Green power technology concept

Researchers uncover new process to improve wind turbines using AI

A group of researchers from the United States Department of Energy (DOE) are turning to artificial intelligence (AI) to improve the efficiency of wind turbines.

Operating under the National Renewable Energy Laboratory (NREL), the researchers said that AI-based models can be used to optimize wind plants. They tested their hypothesis with an AI-based surrogate model dubbed the Wind Plant Graph Neural Network (WPGNN).

Trained on 250,000 spontaneous wind plant layouts, the surrogate model recorded a measure of success in designing efficient turbines. It took into account the distinct turbine operations and atmospheric conditions prevalent in the U.S. to maximize output while reducing costs.

In their published paper, the researchers said the model narrowed its focus on wake steering by probing for techniques to control the wake generated by an upstream turbine away from downstream turbines. When building turbines, designers have to consider the “wake effect,” infamous for reducing wind speeds.

The research paper highlighted several benefits stemming from using AI for wake steering. For starters, the model achieves optimal land use by precisely pinpointing the placement of turbines, with the paper predicting land savings by up to 60% for future plants.

Other perks associated with the AI-based wake steering include improved revenue for wind plants and lower operation costs as the U.S. moves toward decarbonizing its energy sources.

“Previously, site-specific wake steering optimization studies were very difficult, but the graph representation in the WPGNN dramatically improved our ability to represent flexible layouts, changing wind directions, and perform gradient-based optimization,” said one researcher.

Armed with new capabilities, the researchers opine that they will be able to forecast the impact of wake steering across different regions in the U.S., unlike the traditional site-specific wake steering system.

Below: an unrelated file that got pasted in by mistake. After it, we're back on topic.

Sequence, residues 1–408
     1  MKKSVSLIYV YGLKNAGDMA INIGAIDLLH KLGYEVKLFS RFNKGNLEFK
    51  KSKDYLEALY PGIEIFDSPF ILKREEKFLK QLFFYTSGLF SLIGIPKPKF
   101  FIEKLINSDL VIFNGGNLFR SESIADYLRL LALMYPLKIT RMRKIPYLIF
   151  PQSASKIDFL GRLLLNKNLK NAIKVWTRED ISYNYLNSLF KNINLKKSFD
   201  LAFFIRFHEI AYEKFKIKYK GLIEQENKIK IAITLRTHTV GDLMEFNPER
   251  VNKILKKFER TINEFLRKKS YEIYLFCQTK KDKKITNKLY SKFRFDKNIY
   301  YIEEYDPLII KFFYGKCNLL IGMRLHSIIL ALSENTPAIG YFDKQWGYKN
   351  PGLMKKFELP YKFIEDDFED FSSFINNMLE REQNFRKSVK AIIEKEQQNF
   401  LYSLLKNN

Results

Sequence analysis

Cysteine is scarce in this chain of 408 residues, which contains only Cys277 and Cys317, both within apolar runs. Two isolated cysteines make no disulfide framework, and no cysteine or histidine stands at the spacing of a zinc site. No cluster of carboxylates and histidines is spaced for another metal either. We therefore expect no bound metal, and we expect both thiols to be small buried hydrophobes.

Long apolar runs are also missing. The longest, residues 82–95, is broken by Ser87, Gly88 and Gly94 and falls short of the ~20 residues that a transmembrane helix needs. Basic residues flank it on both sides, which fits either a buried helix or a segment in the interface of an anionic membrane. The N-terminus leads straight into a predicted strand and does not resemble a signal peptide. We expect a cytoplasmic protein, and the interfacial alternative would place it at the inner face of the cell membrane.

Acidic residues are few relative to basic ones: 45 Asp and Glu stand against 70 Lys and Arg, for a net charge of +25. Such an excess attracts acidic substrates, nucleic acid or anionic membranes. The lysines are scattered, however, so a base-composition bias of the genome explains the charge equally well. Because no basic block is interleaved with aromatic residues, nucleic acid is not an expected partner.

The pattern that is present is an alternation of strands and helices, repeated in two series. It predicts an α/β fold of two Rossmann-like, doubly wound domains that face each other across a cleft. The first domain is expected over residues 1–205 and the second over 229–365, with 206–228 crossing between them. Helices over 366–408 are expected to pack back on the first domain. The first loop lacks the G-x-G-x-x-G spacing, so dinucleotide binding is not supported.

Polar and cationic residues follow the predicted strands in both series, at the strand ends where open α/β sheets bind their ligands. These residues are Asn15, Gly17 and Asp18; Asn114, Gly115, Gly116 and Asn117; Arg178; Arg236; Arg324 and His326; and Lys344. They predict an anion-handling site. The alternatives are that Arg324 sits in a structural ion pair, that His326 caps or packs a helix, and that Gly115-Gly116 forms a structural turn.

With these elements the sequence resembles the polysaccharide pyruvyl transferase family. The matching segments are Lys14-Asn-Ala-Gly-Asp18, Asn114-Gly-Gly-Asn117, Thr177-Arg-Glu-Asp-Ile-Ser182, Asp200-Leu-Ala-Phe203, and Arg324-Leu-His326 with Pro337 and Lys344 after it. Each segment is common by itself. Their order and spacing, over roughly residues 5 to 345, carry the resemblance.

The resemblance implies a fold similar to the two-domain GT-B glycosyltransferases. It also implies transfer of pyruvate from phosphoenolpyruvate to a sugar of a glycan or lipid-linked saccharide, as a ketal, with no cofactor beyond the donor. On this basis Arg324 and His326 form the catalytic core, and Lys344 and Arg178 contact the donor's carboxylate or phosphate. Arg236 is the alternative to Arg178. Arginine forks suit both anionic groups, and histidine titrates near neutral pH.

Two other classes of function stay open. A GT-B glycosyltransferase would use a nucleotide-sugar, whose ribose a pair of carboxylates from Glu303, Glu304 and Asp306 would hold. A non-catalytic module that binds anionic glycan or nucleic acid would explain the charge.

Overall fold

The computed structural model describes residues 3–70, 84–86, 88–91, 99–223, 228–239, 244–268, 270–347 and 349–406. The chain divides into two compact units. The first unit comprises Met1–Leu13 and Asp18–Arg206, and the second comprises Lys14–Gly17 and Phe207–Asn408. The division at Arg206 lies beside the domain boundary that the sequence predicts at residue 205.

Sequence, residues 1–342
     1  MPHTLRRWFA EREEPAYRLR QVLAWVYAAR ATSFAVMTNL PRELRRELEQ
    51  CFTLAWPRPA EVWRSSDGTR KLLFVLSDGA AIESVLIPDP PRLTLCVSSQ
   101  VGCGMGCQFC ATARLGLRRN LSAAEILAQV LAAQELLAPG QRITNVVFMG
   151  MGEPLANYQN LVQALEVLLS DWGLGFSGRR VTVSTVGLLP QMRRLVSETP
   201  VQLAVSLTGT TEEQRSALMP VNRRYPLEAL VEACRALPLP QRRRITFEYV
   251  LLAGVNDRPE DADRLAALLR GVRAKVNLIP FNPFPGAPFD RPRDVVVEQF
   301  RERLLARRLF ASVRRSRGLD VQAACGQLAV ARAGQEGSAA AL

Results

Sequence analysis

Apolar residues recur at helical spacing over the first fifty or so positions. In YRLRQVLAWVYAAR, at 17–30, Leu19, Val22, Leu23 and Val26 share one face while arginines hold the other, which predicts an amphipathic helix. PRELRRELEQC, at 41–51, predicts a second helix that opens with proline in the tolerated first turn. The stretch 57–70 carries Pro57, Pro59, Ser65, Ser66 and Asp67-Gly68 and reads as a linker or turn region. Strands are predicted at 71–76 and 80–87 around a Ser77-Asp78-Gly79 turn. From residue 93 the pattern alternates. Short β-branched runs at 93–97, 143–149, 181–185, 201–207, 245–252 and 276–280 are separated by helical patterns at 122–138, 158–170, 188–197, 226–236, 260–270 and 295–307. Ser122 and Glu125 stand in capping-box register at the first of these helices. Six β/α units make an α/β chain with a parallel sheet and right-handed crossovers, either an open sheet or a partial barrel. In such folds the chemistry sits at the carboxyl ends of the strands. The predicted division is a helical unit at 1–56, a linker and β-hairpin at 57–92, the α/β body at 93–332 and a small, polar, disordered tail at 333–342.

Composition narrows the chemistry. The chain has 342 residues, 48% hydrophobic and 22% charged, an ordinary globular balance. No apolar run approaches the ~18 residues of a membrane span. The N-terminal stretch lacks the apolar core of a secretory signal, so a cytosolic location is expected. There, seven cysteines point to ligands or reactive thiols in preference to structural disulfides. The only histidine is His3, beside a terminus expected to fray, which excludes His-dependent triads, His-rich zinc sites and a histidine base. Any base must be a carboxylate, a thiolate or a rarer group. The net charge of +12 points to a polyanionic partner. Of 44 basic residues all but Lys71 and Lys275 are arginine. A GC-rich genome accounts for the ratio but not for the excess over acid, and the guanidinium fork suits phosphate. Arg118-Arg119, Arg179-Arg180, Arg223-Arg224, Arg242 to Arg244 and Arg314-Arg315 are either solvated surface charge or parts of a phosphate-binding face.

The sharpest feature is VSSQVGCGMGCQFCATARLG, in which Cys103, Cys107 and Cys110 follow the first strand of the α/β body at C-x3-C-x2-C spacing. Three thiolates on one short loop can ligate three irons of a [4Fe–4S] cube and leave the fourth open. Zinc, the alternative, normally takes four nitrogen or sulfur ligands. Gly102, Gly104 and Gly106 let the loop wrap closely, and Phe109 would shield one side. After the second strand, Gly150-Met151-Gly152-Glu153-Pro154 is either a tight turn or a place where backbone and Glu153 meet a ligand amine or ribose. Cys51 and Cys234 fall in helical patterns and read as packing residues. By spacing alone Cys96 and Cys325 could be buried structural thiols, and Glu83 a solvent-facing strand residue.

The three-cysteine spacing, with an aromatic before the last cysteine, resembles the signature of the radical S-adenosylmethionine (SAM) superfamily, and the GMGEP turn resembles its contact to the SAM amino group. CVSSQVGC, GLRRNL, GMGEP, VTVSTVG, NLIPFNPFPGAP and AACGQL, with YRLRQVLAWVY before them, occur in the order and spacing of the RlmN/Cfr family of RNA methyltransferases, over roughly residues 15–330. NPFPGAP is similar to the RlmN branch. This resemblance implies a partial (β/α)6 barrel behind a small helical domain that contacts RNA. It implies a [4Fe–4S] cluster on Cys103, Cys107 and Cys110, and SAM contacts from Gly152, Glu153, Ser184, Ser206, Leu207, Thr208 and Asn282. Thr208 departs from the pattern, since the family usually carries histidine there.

“We found that different areas of the country are more or less amenable to the benefits of wake steering and the outcomes of those benefits can be realized in different ways,” read the paper. “This can be important for helping to understand how and where we should be investing in this new technology.”

Broadening horizons for AI

Renewable energy firms have been leaning on blockchain technology to improve the efficiency of their processes, but with AI’s resurgence, several firms are integrating the technology into their internal systems.

A bird’s eye view reveals that researchers are tapping on AI to solve nagging problems associated with nuclear energy, particularly for predicting instabilities standing in the way of fusion energy.

“The experiments provide a foundation for using AI to solve a broad range of plasma instabilities, which have long hindered fusion energy,” read a research paper.

In order for artificial intelligence (AI) to work right within the law and thrive in the face of growing challenges, it needs to integrate an enterprise blockchain system that ensures data input quality and ownership—allowing it to keep data safe while also guaranteeing the immutability of data. Check out CoinGeek’s coverage on this emerging tech to learn more why Enterprise blockchain will be the backbone of AI.

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